Local school districts offer released-time religious instruction


WEST MILTON — Milton-Union Local Schools held the first day of its new LifeWise Academy program on Nov. 1, joining a growing number of local districts that now offer students Released Time Religious Instruction (RTRI).

“It was an amazing start to the program,” Milton-Union LifeWise Academy Program Director Julia Circle said. “Students were so excited and engaged.”

Approximately 50 students in grades K-5 participated in the new program on its first day. Like other RTRI programs, LifeWise Academy allows students in the program to leave school grounds during designated times to receive religious instruction.

“Organizers worked with building personnel on their initial planning and scheduling over the course of several weeks,” Milton-Union Schools Superintendent Dr. Brad Ritchey said. “Parents and families choosing for students to participate understand Lifewise instruction is delivered during an individual child’s “specials” period (i.e., Art, Music, STEM, etc.).”

Local churches helped get the program started in the Milton-Union district.

“The Milton-Union LifeWise Leadership Board represents three different, area community churches and has been the main driver in terms of planning, funding, and fundraising,” Dr. Ritchey said. “Hoffman United Methodist Church, additional local congregations, the Milton-Union Council of Churches, and other faith-based organizations have been very supportive of our students and staff members.”

RTRI has been allowed under federal law since 1952, allowing students to be released from public school during the day for religious instruction, if the program is held off of school property, privately funded and parent-permitted. Inspired by an existing RTRI program in Van Wert, LifeWise Academy was founded in 2018, and since then has grown to include over 125 school districts in four different states.

“LifeWise Academy will have 125 programs this school year,” LifeWise Acadamy spokesperson Derek Stemen said. “Another 250-plus communities have expressed interest, and are working towards establishing a LifeWise program in their school district.”

In Miami County, Newton Local Schools and Covington Local Schools also offer the LifeWise Academy program. Newton was the first local district to start the program, in 2020; Covington started their Lifewise Academy program this school year.

“Newton was the first district in this part of the state that launched the Lifewise Academy,” Newton Local Schools Superintendent Pat McBride said. “At that time, LifeWise Academy was really just getting started. It had a total of four or five districts providing Lifewise Academy in northern Ohio.”

“We just implemented it at the beginning of the school year,” Covington Local Schools K-6 Principal Josh Long said. “It’s been a really good experience so far for us. It has taken off; we’ve got a lot of kids in it and excited about it.”

“Our volunteers and directors at LifeWise are doing an awesome job,” he said. “I keep hearing kids say they truly love it, and they’re having fun while they’re there and learning some good stuff too.”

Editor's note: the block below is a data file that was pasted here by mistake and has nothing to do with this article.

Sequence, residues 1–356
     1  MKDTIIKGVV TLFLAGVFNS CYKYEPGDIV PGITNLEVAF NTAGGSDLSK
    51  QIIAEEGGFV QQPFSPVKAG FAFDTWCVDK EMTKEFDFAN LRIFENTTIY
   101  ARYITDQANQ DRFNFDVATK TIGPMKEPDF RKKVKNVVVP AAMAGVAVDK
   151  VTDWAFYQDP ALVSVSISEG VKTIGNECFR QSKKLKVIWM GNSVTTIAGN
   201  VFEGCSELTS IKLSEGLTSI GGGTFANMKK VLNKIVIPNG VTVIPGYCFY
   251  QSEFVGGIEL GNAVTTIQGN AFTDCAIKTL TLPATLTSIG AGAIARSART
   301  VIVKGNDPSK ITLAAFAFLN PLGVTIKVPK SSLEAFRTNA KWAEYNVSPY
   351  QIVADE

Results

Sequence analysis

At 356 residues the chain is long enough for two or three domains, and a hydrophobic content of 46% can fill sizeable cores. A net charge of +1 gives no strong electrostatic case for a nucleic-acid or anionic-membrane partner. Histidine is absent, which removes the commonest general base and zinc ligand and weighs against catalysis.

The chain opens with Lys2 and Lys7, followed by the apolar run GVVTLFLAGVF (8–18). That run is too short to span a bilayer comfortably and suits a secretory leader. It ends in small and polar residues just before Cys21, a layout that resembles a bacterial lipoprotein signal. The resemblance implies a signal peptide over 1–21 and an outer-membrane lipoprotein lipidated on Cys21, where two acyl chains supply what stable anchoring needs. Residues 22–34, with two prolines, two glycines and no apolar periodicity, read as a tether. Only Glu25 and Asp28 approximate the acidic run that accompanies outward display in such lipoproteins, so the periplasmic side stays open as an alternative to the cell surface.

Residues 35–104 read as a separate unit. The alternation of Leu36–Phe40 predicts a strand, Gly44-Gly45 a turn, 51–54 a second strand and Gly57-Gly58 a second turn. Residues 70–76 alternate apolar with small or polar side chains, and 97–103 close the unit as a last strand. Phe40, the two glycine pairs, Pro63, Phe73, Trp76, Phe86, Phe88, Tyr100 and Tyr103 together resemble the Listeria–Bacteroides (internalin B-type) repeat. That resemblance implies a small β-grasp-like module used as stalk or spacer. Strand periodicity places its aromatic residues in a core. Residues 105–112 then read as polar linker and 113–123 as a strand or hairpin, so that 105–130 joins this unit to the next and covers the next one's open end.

“I couldn’t be more pleased with this program and the benefits it provides to our kids,” McBride said of Newton’s experience. “The program has been received by both students and parents with a lot of enthusiasm and positive feedback. Kids are excited to attend each and every week; parents are increasingly wanting to volunteer and help with various events.”

The program’s curriculum focuses on the central messages of the Bible. More information can be found online at www.lifewiseacademy.org.

“We believe all students, regardless of religious background, can benefit from a greater understanding of such an influential book,” Stemen said. “The LifeWise curriculum is designed to take students through the entire Bible, beginning in Genesis and ending in Revelation, over the course of five years.”

The program is optional, and must be funded through private donations. “The program is provided to students free of charge, and organizers have secured funding through donations and local sponsors,” Ritchey said.

“It’s no cost to our parents or to the school district here,” Long said. “I just think it’s a great opportunity for our kids.”

The program is growing steadily, both in student participation and in the number of districts it is available in. At Newton, 71% of K-5 students are involved in the program, and in Covington approximately 100 students are currently participating.

“There has been a steady increase in participation in the LifeWise Academy since we began,” McBride said. “Students who attend are great ambassadors in promoting the program to the kids that didn’t initially opt in.”

“Going from five districts to more than 100 in a year is quite a testament to the power of this program,” he said. “Parents and the community are starved for wholesome values, and a world rooted in truth. With all the craziness that we see on a daily basis, this program provides hope and light in an increasingly dark world.”

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